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YOUNG ADULTS OVERESTIMATE THEIR RISK OF INFERTILTY
A new nationally representative study of young adults aged 18–29 in the United States finds that 19% of women and 13% of men—corresponding to 3.2 million women and 2.6 million men—believe they are likely to be infertile, according to “Missed Conceptions or Misconceptions: Perceived Infertility Among Unmarried Young Adults in the United States,” by Chelsea Bernhardt Polis and Laurie Schwab Zabin, of Johns Hopkins Bloomberg School of Public Health. Yet only 6% of married women aged 15–29 in the United States are actually likely to be infertile.
The authors found that perceived infertility among men was linked to men’s belief that they are likely to have sex in the near future without using contraceptives. However, contrary to findings from other studies, Polis and Zabin did not find an association between perceived infertility and recent nonuse of contraceptives—perhaps, they suggest, because their sample was too small. They do note that the possibility of such an association merits further study in a larger sample, because individuals who do not think they can get pregnant may be less motivated than others to use contraceptives, and unless they are actually infertile, they may have an elevated risk of unintended pregnancy.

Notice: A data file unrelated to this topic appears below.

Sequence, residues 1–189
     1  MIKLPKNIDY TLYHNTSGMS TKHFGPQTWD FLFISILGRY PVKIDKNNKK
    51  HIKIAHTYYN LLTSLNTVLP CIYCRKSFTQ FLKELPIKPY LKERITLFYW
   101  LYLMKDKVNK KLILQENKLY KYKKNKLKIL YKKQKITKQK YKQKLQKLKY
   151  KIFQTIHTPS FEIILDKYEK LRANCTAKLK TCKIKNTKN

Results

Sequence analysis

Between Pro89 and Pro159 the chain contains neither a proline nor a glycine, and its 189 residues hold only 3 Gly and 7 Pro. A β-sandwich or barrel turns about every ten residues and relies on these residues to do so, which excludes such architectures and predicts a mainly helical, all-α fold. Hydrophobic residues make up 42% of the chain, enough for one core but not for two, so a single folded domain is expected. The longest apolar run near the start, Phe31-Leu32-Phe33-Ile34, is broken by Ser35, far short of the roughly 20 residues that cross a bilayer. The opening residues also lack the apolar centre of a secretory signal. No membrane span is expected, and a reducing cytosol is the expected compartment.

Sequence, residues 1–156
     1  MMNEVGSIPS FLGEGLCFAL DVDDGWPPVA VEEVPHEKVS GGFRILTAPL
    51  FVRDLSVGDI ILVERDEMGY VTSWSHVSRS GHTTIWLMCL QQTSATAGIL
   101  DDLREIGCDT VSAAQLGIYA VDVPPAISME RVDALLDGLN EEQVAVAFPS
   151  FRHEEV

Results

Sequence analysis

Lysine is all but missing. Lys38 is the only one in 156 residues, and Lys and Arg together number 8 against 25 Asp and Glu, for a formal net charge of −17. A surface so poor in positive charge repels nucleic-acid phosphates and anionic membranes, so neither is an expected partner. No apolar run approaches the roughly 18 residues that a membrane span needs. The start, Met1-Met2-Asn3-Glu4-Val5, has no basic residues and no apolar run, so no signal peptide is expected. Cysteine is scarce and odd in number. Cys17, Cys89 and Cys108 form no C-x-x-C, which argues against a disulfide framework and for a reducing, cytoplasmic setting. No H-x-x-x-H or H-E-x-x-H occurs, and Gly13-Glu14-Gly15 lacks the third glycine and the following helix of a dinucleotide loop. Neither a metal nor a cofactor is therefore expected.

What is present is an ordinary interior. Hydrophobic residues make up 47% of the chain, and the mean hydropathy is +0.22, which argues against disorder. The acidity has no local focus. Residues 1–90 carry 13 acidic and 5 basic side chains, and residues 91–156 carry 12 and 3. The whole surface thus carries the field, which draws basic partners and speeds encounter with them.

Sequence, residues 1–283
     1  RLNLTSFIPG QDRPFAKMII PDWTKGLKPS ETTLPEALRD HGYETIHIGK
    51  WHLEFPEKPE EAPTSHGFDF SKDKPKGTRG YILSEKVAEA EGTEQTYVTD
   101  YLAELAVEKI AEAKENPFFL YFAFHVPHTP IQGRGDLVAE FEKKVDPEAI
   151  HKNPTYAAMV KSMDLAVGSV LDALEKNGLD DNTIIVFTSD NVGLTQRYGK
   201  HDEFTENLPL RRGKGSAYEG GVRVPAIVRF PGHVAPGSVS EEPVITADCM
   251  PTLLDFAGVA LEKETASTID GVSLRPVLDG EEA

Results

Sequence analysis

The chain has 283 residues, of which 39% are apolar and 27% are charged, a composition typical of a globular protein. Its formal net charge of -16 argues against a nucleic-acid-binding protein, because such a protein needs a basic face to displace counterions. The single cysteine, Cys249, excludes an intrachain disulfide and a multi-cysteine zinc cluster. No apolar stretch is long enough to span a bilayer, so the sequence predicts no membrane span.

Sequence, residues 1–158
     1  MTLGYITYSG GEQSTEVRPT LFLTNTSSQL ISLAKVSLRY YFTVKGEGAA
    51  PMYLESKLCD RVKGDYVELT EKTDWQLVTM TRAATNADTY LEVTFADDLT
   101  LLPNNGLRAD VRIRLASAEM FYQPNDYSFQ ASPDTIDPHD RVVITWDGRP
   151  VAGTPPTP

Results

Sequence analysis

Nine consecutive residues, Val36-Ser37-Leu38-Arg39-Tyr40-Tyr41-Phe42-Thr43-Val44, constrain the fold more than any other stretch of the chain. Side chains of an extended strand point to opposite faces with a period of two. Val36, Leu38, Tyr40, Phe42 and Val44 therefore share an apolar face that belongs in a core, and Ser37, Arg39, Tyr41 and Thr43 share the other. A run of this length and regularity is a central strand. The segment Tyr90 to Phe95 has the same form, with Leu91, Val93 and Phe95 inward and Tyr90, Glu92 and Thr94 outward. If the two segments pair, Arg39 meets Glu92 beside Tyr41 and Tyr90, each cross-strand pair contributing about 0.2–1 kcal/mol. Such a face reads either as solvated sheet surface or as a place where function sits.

Polis and Zabin point out that some public health messages designed to encourage consistent contraceptive use focus on the fact that pregnancy can occur after a single act of unprotected intercourse and do not adequately explain the probability of pregnancy. Polis and Zabin raise the concern that an oversimplified message may inadvertently lead some individuals to assume they are infertile if pregnancy does not occur after one or several acts of unprotected sex, and may result in reduced motivation to use contraceptives.
A recently released study from the Centers for Disease Control and Prevention reported similar findings among 15–19-year-olds whose unintended pregnancies led to a birth. An analysis of data from the 2004–2008 Pregnancy Risk Assessment Monitoring System found that half of these teens had not been using any method of birth control when they got pregnant. And nearly one-third of young mothers who had been nonusers had believed that they could not get pregnant.
“Missed Conceptions or Misconceptions: Perceived Infertility Among Unmarried Young Adults in the United States” is currently available online and will appear in the March 2012 issue of Perspectives on Sexual and Reproductive Health.